There are some days where sports pales in comparison with an event that happened in the past. 911 comes to mind immediate but today, December 7th of 1941, is one of those dates Americans will never forget.

It was then that the Japanese launched a sneak attack on the United States Naval Base at Pearl Harbor near Honolulu. Today marks the 79th anniversary of the event that President Roosevelt proclaimed as “a date which will live in infamy.”

On that fateful morning just before 8 on Sunday in Hawaii, hundreds of Japanese planes launched from aircraft carriers at sea descended upon a totally unsuspecting U.S. Pacific Fleet at anchor in Pearl Harbor. When the attack, which was suppose to occur about an hour after the Japanese had delivered a Declaration of War but took place before the document was delivered making it a sneak attack, finally ended, there were massive American casualties of both life and equipment.

To emphasize that point, let me introduce you to Japanese Admiral Isoroku Yamamoto. He was educated at Harvard University in the United States from 1919 to 1921 and was the mastermind of the Pearl Harbor attack.

After he was informed that the engagement was a sneak attack instead of a surprise attack after the declaration of war was delivered, he lamented, “I fear that all we have done is to awaken a sleeping giant and fill him with a terrible resolve.” That prophesy came to fruition almost four years later with the dropping of atomic weapons on the Japanese cities of Hiroshima and Nagasaki.

The official American death toll was staggering and placed at 2,403 people. That included 2,008 Navy personnel, of which 1,177 were on the USS Arizona, along with 109 Marines and 218 Army service members plus 68 civilians.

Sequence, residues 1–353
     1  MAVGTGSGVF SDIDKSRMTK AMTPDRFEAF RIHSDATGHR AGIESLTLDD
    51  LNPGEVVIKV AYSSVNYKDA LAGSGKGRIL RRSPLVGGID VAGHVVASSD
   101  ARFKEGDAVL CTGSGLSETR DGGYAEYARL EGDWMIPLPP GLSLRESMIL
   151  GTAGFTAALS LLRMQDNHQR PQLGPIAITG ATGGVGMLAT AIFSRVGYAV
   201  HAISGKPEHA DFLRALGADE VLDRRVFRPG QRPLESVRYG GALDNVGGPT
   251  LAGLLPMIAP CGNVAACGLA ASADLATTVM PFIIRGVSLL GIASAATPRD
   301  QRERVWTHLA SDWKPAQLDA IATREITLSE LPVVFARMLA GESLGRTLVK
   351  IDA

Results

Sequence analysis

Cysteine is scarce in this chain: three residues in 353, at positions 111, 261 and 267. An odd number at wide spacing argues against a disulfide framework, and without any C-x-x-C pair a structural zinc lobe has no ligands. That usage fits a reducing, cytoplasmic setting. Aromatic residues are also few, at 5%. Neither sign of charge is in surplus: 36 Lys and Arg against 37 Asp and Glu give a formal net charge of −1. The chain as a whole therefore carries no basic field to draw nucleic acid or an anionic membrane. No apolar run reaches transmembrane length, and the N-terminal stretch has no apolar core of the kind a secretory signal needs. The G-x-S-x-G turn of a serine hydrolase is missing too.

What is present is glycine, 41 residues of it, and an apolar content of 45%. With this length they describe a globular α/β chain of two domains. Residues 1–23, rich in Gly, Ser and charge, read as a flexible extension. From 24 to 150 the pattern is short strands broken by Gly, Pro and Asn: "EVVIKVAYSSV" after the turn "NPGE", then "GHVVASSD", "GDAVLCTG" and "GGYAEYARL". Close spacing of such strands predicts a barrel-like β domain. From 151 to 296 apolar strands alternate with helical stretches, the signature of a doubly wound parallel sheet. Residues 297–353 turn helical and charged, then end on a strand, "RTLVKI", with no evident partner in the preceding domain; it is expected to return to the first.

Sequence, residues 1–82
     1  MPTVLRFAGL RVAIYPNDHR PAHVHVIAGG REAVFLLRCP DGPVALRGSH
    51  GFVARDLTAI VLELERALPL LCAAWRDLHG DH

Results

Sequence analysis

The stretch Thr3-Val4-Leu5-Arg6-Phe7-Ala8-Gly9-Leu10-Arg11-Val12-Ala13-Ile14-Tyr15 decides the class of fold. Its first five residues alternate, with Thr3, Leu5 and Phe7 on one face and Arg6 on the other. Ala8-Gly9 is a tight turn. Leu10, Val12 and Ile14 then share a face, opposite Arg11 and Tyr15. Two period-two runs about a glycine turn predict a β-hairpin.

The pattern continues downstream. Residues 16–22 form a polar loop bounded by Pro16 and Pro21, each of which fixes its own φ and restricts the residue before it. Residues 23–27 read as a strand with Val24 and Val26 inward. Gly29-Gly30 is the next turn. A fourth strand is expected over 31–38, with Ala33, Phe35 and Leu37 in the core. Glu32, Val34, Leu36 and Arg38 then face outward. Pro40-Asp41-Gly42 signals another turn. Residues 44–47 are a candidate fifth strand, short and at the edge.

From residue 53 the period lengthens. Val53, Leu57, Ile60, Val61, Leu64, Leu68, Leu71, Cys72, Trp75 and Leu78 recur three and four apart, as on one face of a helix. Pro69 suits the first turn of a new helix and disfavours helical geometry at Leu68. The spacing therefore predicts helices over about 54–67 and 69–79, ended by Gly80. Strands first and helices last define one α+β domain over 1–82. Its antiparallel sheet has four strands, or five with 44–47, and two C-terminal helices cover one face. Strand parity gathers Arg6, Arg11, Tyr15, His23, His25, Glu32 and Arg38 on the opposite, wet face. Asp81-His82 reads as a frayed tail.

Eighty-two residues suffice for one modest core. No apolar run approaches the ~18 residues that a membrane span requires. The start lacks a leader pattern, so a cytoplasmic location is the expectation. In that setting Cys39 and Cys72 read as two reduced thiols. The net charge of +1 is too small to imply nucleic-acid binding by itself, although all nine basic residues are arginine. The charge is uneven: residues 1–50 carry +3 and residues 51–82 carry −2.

The total number of wounded in the assault numbered 1,143.

That included 710 Navy and 69 Marines along with 364 Army as well as 103 civilians.

The number of vessels either damaged or destroyed was astounding. Nearly 20 Navy ships, and that included eight battleships, were either temporarily or permanently destroyed. Also, more than 300 combat aircraft were put out of commission.

This heinous raid did not accomplish the Japanese goal of knocking out the American Pacific Fleet. That’s because none of the four aircraft carriers, which would be vital to American success, were at Pearl Harbor at the time of the attack

What Pear Harbor did do is force America’s hand. Unwilling to enter the fray which began in Europe on September 1st of 1939 after Germany invaded Poland, the United States had no choice but to become involved. FDR immediately asked Congress to issue a declaration of war. On December 8th, with only one member dissenting, the United States declared war on the Japanese Empire.

On December 11th, the Japanese ally Germany declared war on the United States. Now, World War II was officially a world conflict. Before it would end in August of 1945, 30 nations would participate as combatants with somewhere between 70 and 85 million military and civilian casualties making it the deadliest conflict in human history to date.

In August of 1994, Congress designated December 7th as National Pearl Harbor Remembrance Day. This year, due to the pandemic, a very small gathering of veterans will be held at the Pearl Harbor Visitors Center that will closed to the public.

Please take a moment today to remember those brave men and women who lost their lives at Pearl 79 years ago today. Also, keep in mind the hundreds of thousands of Americans that made the “Ultimate Sacrifice” during World War II to preserve our American way of life. RIP.